Bum-ditty and Beyond: Right-hand Rhythms for Clawhammer Banjo with Clinton Davis

Clinton Davis is a San Diego-based old time musician and full-time music teacher, and we’re excited to welcome him to the Folk School for the first time!

He will be teaching a week of banjo rhythm exploration on April 28 – May 3 in his class “Bum-ditty and Beyond: Right-hand Rhythms for Clawhammer Banjo,” perfect for folks looking to expand their banjo skills and learn more about the history of old time tunes. Watch Clinton’s Instagram reel about his class.

Read more below! Register today to secure your spot.

JCCFS: Tell us a little bit about yourself and your music background. How did you get started?

CD: I am a full time performer and teacher of old time music, and I’ve been a private instructor of banjo for over a decade. Most of my students have been complete beginners, often adults making their first attempts to study music, so I’ve had plenty of experience breaking down complex musical ideas into their most fundamental pieces. During that time, I have also earned a doctorate in music, become an official Deering Banjos artist, and been awarded the commission of Kentucky Colonel for my work in traditional music.

JCCFS: You have an upcoming class at the Folk School called “Bum-ditty and Beyond: Right-hand Rhythms for Clawhammer Banjo.” Can you tell us a little bit more about the techniques students will learn in class?

CD: We’re going to focus on clawhammer banjo techniques and understanding how we can use rhythm to shape a tune and give it character. The so-called “bum-ditty” rhythm is the engine that drives most clawhammer banjo music. Some players use it exclusively, but plenty of the old time banjo masters had a variety of right-hand rhythms. We’ll study their examples and learn how to apply their secrets to any melody.

Clinton in San Luis Obispo, CA

Banjo class in the Music Studio

JCCFS: What can students expect to leave your class with?

CD: Students at any level will find something of value in this class, even if you’re just starting out on clawhammer banjo, even if it’s still a struggle for you to play some of the beginner rhythms. Whatever rhythmic idea we talk about, we’ll always start it out at the most fundamental, technical level. Beginners may or may not be able to leave with mastery over all the ideas we talk about, but you will leave with a comprehensive roadmap of what there is to learn in your right hand (or left hand, if you’re left handed!).

For intermediate and advanced students, we will have in-depth discussions about how to apply these rhythmic ideas in a musical or tasteful way.

All of the techniques we cover will come from traditional clawhammer banjo masters, and we’ll spend a lot of time listening to their recordings and talking about their styles. At the very least, students will gain a deeper appreciation and recognition of the nuances of the clawhammer tradition.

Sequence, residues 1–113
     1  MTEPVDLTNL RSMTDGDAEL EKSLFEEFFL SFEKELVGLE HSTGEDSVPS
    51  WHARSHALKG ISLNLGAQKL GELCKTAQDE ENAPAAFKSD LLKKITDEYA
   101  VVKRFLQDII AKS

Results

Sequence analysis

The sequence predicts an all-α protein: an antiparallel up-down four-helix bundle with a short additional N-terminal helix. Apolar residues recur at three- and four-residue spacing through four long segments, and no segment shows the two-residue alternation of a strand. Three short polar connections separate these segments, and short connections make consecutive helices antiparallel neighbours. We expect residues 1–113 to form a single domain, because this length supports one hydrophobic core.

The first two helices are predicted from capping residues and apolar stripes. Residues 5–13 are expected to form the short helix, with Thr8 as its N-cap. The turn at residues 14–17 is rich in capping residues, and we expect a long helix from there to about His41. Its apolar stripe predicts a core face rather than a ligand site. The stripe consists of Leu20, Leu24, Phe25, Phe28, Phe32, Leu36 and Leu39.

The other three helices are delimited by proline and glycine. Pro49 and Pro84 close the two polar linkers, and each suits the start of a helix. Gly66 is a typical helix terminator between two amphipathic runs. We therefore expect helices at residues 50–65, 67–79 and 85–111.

JCCFS: What do you enjoy most about teaching?

CD: I enjoy finding the most precise and comprehensive way of explaining something. I really love puzzling over the questions of how and why music can be so compelling and exciting. If I succeed at explaining something well, whether a technical idea like how to position your hand on the instrument, or an idea about how to be tasteful when making creative decisions, I can see a student’s face light up as their own understanding deepens. I think that for a teacher, it’s as rewarding as laughter is to a standup comedian, or a standing ovation is for a performer.

JCCFS: This will be your first time teaching at the Folk School. What are you most excited about for your first visit?

CD: I was born in Kentucky and have lived on the west coast for many years now. I’ve travelled all over the country, but I have never been to North Carolina! I’m so excited to visit a place like this which has such a deep history of old time music, and such strong communities and institutions like John C. Campbell helping keep it alive.

JCCFS: Where can folks learn more about your and your music?

CD: My website is clintonrossdavis.com, and you can also find me on Youtube, Instagram, and Facebook.

Clinton teaching a workshop at Zigzag Old Time Music Campout!

Upcoming Class with Clinton

Bum-ditty and Beyond: Right-hand Rhythms for Clawhammer Banjo

April 28 – May 3, 2024

The so-called “bum-ditty” rhythm is the engine that drives most clawhammer banjo music. Some players use it exclusively, but plenty of the old time banjo masters had a variety of right-hand rhythms that made their playing more dynamic and exciting. Let’s learn some of these rhythms, listen to the players we associate them with, and learn how to apply them to any tune. Open to intermediate players familiar with playing basic tunes in different keys.

About Clinton Davis

Clinton Davis is an old-time multi-instrumentalist based in San Diego, where he has taught full-time for nearly a decade. A fifth-generation Kentuckian, Davis grew up in Carroll County. His repertoire spans fiddle and banjo music of his family home, ragtime piano and guitar, and ballad songs and dance music of the Southwest. In 2021, Davis released his first full-length solo album, ‘If I Live and I Don’t Get Killed,’ on Tiki Parlour Recordings. In 2022, in recognition of his work as a performer and educator, Davis was named a Kentucky Colonel, the highest civilian honor bestowed by the state of Kentucky.

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